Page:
It goes without saying that any spending must not be for political or patronage purposes. Every single sen this Budget proposes to expend must be for the good of the rakyat, including their health, education, housing and welfare.

We must also realise that our frontliners—especially those serving in Sabah—are in urgent need of help on all fronts.

I also strongly feel that this Budget must lay the groundwork for addressing the fundamental issues that have been facing our economy but have been left unaddressed.

This includes not only long-standing challenges like moving away from our reliance on commodities and foreign labour, upskilling our workforce as well as sustainably boosting wages and productivity, but also new ones like preparing for regional security threats.

The only way for Malaysia to get the best Budget possible is for the current government to also commit to parliamentary reform. It must not only allow all MPs to debate critical issues, but urgently move to restore the repealed Parliamentary Services Act, revive the Select Committees that had been previously introduced.

The Parliamentary Services Act is especially important as Pakatan Harapan had almost completed work on its reintroduction. A more independent, efficient and stronger Parliament can only mean good things for the rakyat and their livelihoods.

Meeting the Covid-19 threat and reviving our economy cannot happen without political and institutional reform. Indeed, the 2021 Budget will be ineffective without it.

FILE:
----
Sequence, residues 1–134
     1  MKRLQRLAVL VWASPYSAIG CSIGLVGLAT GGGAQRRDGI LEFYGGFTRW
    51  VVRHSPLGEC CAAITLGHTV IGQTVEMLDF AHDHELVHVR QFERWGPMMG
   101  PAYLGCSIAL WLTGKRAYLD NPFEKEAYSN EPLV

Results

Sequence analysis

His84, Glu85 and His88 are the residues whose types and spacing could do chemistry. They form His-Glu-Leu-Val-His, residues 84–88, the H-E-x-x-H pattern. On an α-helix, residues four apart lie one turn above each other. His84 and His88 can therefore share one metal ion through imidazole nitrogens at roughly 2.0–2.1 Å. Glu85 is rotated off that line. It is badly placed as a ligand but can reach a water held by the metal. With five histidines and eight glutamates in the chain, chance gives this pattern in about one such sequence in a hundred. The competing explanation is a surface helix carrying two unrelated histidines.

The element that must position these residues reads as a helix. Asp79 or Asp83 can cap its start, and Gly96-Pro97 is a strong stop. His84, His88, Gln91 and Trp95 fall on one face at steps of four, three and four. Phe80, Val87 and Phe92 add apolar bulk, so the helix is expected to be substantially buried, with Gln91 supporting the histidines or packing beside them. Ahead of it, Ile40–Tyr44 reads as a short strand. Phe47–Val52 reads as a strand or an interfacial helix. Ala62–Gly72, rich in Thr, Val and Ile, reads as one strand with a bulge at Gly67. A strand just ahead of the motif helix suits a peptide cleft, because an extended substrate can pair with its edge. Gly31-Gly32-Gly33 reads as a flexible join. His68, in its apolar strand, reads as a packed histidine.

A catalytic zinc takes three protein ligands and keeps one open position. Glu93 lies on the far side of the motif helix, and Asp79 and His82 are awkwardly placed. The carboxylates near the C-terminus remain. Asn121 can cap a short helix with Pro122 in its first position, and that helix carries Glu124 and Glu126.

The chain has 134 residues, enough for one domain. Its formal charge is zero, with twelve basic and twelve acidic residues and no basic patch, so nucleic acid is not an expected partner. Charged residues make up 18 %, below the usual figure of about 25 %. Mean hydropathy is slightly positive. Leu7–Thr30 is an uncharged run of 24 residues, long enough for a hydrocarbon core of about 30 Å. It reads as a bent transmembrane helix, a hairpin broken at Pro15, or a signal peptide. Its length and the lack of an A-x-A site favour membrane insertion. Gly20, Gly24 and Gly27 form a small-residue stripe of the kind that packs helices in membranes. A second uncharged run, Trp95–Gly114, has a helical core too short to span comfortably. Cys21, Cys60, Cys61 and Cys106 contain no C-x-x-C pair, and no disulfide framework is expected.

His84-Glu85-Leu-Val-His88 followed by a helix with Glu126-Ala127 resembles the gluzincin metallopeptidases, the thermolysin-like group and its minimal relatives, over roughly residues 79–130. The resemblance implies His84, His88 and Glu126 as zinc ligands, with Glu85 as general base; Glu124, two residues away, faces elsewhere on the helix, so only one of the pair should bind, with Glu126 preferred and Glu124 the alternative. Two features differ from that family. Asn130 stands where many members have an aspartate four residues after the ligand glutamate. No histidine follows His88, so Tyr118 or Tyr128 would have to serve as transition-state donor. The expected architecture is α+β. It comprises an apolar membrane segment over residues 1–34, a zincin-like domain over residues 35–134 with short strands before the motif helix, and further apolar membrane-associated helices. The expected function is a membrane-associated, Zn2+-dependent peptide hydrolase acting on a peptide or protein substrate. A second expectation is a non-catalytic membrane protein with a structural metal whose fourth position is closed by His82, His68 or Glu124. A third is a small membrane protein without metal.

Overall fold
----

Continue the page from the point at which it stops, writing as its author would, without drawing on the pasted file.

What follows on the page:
Whatever happens, my colleagues and I are committed to ensuring that the interests and wellbeing of the Malaysian people are upheld.

We remain steadfast in providing both checks-and-balances as well as ensuring that the country can turn a corner from the difficulties that it has been under for so long.

NIK NAZMI NIK AHMAD
KEADILAN CHIEF ORGANISING SECRETARY
KEADILAN PARLIAMENTARY SPOKESPERSON FOR EDUCATION
SETIAWANGSA MEMBER OF PARLIAMENT

Muhyiddin’s Failed Attempt To Declare Emergency Unnecessary, Dangerous

https://www.malaysiakini.com/news/548165

MP SPEAKS | His Majesty, the Yang Di-Pertuan Agong, as well as their majesties the Malay Rulers were absolutely correct in their belief that a state of emergency is not necessary for Malaysia. This should be respected by all Malaysians.

No one denies the threats posed by the Covid-19 pandemic to our country. The situation remains serious and in Sabah especially, tragic.

But no other nation in the world has responded to it by suspending its democratic processes or proroguing its legislature. We must get rid of this idea that politics is somehow a barrier to good or efficient governance – in fact, they cannot exist without each other.

Read more here.

Competency Of English Is Only Part Of The Challenges Facing Bumiputera Graduates

The Executive Director of the Malaysian Employers Federation (MEF) Shamsuddin Bardan has recently argued that the poor command of English is the main reason why Bumiputera graduates find it hard to get jobs in the private sector.

This is not a novel idea and indeed, Shamsuddin made this exact same argument in response to what was virtually the exact same question in 2018.

I do not deny that competency in the English language is a crucial skill that all Malaysians need. It is valuable in and of itself. And I also do not deny that it is a problem facing many Malaysian graduates—Bumiputera or otherwise.

But it is just one component of the problem. It may be a very big one, perhaps the biggest—but again, it is just one piece of the puzzle.